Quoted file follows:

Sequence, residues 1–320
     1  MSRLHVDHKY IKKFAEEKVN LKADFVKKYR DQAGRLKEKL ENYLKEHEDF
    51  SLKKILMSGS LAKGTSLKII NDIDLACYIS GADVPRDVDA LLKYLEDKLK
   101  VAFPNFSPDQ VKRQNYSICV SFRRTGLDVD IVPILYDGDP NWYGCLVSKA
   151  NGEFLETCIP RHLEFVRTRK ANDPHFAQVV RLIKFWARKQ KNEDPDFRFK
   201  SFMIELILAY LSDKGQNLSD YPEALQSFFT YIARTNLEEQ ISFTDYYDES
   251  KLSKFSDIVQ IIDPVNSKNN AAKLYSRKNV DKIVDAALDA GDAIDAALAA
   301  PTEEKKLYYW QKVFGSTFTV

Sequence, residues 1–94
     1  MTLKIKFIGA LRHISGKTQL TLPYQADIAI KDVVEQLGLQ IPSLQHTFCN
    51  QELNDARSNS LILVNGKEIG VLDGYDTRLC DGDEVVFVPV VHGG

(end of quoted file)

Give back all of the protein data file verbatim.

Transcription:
Sequence, residues 1–320
     1  MSRLHVDHKY IKKFAEEKVN LKADFVKKYR DQAGRLKEKL ENYLKEHEDF
    51  SLKKILMSGS LAKGTSLKII NDIDLACYIS GADVPRDVDA LLKYLEDKLK
   101  VAFPNFSPDQ VKRQNYSICV SFRRTGLDVD IVPILYDGDP NWYGCLVSKA
   151  NGEFLETCIP RHLEFVRTRK ANDPHFAQVV RLIKFWARKQ KNEDPDFRFK
   201  SFMIELILAY LSDKGQNLSD YPEALQSFFT YIARTNLEEQ ISFTDYYDES
   251  KLSKFSDIVQ IIDPVNSKNN AAKLYSRKNV DKIVDAALDA GDAIDAALAA
   301  PTEEKKLYYW QKVFGSTFTV

Sequence, residues 1–94
     1  MTLKIKFIGA LRHISGKTQL TLPYQADIAI KDVVEQLGLQ IPSLQHTFCN
    51  QELNDARSNS LILVNGKEIG VLDGYDTRLC DGDEVVFVPV VHGG